I’ve been a bit remiss in not covering the aftermath of the Wenzhou train crash which has apparently seen an unprecedented pile on of the relevant orgs by pretty much the full spectrum of media with the exception of directly Party owned newspapers, an experience which said organs are not handling very well. There’s a good roundup here. This seems to be reported as dissent rather than complaint in some quarters, mainly because a lot of media are ignoring censorship restrictions, but that’s probably taking things too far.
The other big story attendant on the crash concerns Wen Jiabao, the premier, who makes a point of turning up at disasters looking concerned, to the point where there’s been unkind speculation that showing up at catastrophes with a constipated expression and a zip up geezer jacket is, in fact, his job. This time he was a little late on the scene. Xinhua reported that he’d been in bed on doctor’s orders, but it it turned out that he’d received a Japanese trade delegation when he was supposed to be ill.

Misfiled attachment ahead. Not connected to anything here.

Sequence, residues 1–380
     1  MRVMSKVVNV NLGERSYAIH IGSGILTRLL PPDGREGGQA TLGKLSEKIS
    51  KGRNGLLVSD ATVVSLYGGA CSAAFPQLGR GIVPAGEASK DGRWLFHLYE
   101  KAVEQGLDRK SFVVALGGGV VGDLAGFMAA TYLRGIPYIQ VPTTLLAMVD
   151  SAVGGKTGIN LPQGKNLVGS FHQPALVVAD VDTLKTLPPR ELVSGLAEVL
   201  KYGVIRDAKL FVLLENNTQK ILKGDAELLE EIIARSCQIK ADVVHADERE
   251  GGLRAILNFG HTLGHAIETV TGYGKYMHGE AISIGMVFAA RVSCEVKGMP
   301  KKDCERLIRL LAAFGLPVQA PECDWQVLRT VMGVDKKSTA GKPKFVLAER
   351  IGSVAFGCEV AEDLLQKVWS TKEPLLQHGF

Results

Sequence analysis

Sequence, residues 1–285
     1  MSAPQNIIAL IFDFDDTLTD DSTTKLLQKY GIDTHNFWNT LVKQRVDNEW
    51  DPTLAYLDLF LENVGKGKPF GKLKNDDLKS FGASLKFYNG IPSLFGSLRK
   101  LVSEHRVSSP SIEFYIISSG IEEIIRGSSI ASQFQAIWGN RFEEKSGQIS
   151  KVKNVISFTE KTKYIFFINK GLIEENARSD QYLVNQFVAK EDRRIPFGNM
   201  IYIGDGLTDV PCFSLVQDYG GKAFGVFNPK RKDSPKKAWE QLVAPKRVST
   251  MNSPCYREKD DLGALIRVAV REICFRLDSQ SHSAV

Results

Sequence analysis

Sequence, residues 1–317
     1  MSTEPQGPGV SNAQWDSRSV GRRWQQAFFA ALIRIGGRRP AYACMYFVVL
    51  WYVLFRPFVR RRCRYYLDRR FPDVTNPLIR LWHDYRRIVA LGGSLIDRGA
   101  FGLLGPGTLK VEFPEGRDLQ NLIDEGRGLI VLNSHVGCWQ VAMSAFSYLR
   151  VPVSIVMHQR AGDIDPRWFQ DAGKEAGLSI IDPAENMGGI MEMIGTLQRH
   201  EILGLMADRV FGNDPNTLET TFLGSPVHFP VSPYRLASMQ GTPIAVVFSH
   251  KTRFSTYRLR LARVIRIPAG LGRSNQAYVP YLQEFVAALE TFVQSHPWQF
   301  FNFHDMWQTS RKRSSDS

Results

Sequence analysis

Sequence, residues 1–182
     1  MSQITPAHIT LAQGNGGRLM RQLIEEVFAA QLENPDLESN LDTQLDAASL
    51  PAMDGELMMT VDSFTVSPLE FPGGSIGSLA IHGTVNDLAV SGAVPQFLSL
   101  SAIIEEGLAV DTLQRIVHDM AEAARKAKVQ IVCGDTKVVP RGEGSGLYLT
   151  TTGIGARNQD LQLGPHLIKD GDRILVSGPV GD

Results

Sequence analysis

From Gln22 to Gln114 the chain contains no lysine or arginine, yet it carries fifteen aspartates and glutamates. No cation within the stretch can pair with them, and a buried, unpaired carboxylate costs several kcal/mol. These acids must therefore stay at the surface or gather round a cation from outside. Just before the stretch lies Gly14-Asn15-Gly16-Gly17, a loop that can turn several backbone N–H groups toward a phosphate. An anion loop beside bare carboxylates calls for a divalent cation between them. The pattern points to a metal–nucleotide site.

It seems that the Xinhua report may have misquoted Wen. But what’s interesting is the response to Beijing’s consoler in chief among the public, which from this distance is quite reminiscent of responses to the royal family here in the week after Diana died. I have no idea what that says about regime/population dynamics.